Space travel News, Research and Analysis

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Space travel News, Research and Analysis

Yuriy Mazur/Shutterstock February 3, 2021

Jacco van Loon, Keele University

Aliens might want to contact us for the same reasons we are looking for them.

Could we travel to other universes using wormholes? ktsdesign/Shutterstock January 13, 2021

Andreea Font, Liverpool John Moores University

Calculations show that wormholes should create a spectacular display of gamma rays that we could try to observe.

Scientists have discovered that the gray mouse lemur has the ability to hibernate. (Shutterstock) December 13, 2020

Hanane Hadj-Moussa, Carleton University; Aline Ingelson-Filpula, Carleton University, and Kenneth B. Storey, Carleton University

Gray mouse lemurs are more closely related to humans than mice. They also have the ability to hibernate, and researchers are hoping to learn how to transfer that ability to humans.

NASA / Tracy Caldwell Dyson November 1, 2020

Alice Gorman, Flinders University and Justin St. P. Walsh, Chapman University

After two decades as a home to astronauts, the International Space Station still has plenty to teach us about how humans can live away from Earth.

The Apollo 17 lunar lander surrounded by tyre tracks. NASA August 27, 2020

Alice Gorman, Flinders University

When it comes to managing the tussle for resources on the Moon, we might take lessons from New Zealand environmental law and TikTok ‘witches’.

Shutterstock July 23, 2020

Bacteria can become more deadly and antibiotic-resilient in space. And while more research is needed to figure out how severe the risks are, they could be catastrophic.

It has been estimated that there will be one surgical emergency every 2.4 years on a mission to Mars. T. Trapp/BJS Surgery July 8, 2020

Nina Purvis, King’s College London

Space agencies are seeking new ways to be prepared for a surgical emergency on a mission to Mars.

Shutterstock June 9, 2020

Steven Moore, CQUniversity Australia

The distance between the ISS and Earth is the same as about 3,850 football fields. To bring the station down, rockets will lower it a bit, and then gravity will send it crashing the rest of the way.

NASA Kennedy/Flickr June 1, 2020

Cassandra Steer, Australian National University

About 770 Australian entities are already developing space-related infrastructure, most of which are privately owned.

A SpaceX Falcon 9 rocket with the company’s Crew Dragon spacecraft onboard is raised into a vertical position on the launch pad at Launch Complex 39A. NASA/Bill Ingalls May 22, 2020

Wendy Whitman Cobb, US Air Force School of Advanced Air and Space Studies

SpaceX’s launch of astronauts to the International Space Station will make it the first private company to launch humans to space. The effort has ramifications for NASA and spaceflight in general.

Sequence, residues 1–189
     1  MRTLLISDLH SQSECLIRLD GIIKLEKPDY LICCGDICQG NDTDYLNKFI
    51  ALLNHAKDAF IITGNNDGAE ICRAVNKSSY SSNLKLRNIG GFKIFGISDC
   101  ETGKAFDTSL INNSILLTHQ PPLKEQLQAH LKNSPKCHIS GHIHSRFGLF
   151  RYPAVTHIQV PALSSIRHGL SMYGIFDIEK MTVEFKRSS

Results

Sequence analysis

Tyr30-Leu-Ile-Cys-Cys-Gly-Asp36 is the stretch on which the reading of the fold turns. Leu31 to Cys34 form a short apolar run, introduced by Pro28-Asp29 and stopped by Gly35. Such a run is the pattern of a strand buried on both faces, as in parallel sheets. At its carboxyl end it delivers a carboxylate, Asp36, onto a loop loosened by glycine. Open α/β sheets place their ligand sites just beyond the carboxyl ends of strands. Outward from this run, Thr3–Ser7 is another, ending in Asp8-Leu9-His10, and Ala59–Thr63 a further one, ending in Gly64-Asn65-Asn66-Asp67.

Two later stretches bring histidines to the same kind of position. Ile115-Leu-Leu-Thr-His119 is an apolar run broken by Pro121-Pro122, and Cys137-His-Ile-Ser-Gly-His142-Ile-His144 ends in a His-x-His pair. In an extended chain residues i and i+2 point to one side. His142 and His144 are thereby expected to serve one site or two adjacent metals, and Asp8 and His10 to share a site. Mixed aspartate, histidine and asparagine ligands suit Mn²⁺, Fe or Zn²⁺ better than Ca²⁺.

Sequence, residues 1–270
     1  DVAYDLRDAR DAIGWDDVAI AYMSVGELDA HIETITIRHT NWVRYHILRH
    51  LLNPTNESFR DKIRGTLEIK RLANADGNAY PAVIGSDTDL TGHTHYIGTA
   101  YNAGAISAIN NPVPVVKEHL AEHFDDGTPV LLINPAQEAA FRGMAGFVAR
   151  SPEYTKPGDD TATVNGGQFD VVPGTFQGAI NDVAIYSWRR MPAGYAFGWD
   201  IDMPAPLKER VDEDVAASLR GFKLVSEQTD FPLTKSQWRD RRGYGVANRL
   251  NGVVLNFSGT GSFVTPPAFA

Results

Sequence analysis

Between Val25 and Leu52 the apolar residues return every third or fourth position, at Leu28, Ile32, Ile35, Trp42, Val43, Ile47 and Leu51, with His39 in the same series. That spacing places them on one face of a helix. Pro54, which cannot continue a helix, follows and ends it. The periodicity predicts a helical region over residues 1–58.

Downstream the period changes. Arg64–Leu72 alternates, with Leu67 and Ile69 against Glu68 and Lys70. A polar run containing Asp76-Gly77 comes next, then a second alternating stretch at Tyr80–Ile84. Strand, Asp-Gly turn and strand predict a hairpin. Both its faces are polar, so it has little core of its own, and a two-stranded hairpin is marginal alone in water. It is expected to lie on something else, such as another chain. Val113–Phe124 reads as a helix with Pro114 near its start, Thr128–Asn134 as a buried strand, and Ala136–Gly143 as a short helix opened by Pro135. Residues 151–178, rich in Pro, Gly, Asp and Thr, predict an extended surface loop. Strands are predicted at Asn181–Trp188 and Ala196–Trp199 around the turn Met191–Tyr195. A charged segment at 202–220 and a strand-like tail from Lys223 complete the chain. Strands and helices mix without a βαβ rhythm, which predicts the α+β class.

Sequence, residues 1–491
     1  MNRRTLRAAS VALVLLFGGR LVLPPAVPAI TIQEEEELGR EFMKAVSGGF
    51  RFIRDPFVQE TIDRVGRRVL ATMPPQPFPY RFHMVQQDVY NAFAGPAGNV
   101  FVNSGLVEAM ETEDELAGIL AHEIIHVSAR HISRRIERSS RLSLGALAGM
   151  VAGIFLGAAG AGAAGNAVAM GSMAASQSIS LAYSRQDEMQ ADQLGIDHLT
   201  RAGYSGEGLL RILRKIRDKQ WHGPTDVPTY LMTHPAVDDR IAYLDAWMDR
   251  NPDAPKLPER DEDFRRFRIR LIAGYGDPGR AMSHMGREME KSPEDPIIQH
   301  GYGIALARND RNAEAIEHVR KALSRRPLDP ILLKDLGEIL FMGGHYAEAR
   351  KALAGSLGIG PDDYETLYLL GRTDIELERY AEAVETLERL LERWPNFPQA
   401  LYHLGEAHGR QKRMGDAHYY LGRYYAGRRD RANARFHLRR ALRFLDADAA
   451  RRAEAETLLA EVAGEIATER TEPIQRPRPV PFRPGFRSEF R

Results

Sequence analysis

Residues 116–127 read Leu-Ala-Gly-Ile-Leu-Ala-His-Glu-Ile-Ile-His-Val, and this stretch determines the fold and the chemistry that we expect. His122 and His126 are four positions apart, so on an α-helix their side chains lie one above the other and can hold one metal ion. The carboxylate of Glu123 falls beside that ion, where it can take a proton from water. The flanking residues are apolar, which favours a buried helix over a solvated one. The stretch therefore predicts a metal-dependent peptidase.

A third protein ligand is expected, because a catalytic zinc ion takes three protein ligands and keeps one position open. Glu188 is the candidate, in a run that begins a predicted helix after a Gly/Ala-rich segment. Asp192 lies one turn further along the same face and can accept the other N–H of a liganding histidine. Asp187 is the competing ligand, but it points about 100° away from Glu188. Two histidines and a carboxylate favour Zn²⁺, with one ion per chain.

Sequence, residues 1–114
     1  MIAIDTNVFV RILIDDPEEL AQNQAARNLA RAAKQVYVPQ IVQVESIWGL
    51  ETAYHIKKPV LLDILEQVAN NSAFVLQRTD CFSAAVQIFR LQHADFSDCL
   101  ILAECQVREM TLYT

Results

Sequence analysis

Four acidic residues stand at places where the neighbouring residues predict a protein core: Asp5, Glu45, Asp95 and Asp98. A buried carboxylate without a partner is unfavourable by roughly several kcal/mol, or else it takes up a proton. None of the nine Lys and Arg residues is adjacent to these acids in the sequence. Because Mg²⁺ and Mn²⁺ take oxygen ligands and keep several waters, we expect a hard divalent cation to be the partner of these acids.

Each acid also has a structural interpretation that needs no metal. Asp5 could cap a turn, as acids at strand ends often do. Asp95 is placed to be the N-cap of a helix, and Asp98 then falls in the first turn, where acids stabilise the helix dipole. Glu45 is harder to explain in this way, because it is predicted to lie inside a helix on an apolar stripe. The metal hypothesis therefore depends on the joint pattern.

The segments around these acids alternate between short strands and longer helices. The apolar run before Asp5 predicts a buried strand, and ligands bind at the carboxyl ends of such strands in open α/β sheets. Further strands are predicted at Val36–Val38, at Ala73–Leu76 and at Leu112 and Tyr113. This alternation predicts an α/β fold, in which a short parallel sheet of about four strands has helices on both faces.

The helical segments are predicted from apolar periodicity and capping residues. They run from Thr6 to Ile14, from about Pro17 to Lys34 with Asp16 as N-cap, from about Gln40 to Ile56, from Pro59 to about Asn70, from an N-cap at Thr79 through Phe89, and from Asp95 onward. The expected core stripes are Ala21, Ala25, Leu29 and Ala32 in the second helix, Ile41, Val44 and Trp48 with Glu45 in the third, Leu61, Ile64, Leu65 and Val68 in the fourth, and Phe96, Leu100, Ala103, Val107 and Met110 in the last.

A researcher in a spacesuit on “Mars” outside the Mars Society Desert Research Station in Utah. David Howells/Corbis Historical via Getty Images April 20, 2020

Inga Popovaite, University of Iowa

Understanding isolation’s effects on regular people, rather than those certified to have ‘the right stuff,’ will help prepare us for the future, whether another pandemic or interplanetary space travel.

NASA/Pat Rawlings, SAIC January 22, 2020

Adam Hawkey, Solent University

An expert explains the challenges of a mission to Mars for younger readers.

In the future, people may be able to go to Mars. Gorodenkoff/Shutterstock.com September 30, 2019

Anita Sengupta, University of Southern California

The first Martian might just be a human being.

‘Mad’ Mike Hughes stands beside his rocket in his roadside launch area near Amboy, California in November 2017. PAUL BUCK/EPA August 15, 2019

Ian Whittaker, Nottingham Trent University

An equation from the 1890s can help us work out how high Hughes can actually reach with his homemade rocket.

July 31, 2019

Miriam Frankel, The Conversation and Martin Archer, Queen Mary University of London

The fifth episode of the To the moon and beyond podcast series explores where we will be travelling in 2069.

Scale models of rockets at China Aerospace Science and Technology Corporation’s booth at the International Astronautical Congress. FOCKE STRANGMANN/EPA January 13, 2019

Keith Gottschalk, University of the Western Cape

The space industry and global interest in all matters inter-planetary is growing.

The solar system’s largest volcano Olympus Mons on Mars, seen by Viking 1. NASA/JPL December 31, 2018

David Rothery, The Open University

Naming features on other worlds is a trickier issue than you might think.

If you went to Mars, you’d need to be able to survive an extremely punishing environment. This picture, taken by NASA’s Mars Exploration Rover Opportunity, gives you an idea. NASA/JPL-Caltech/Cornell Univ./Arizona State Univ. November 26, 2018

I’ve worked with NASA’s Mars Exploration Rover Project for 16 years. If you got yourself a ticket to Mars, here’s how I’d advise you to prepare. And by the way, any mistake could kill you.

Canadian Space Agency astronaut Chris Hadfield on the International Space Station in 2012. NASA November 19, 2018

Damian Bailey, University of South Wales

New research has uncovered exactly what happens to the brain when astronauts are in space.

U.S. Vice-President Mike Pence speaks about the creation of a United States Space Force on Aug. 9, 2018 at the Pentagon. (AP Photo/Evan Vucci) August 16, 2018

Fiona E. McNeill, McMaster University

Could Canadian technology play a part in the newly announced U.S. Space Force? A team at McMaster University has developed an instrument that could keep Space Force troops safe from radiation.


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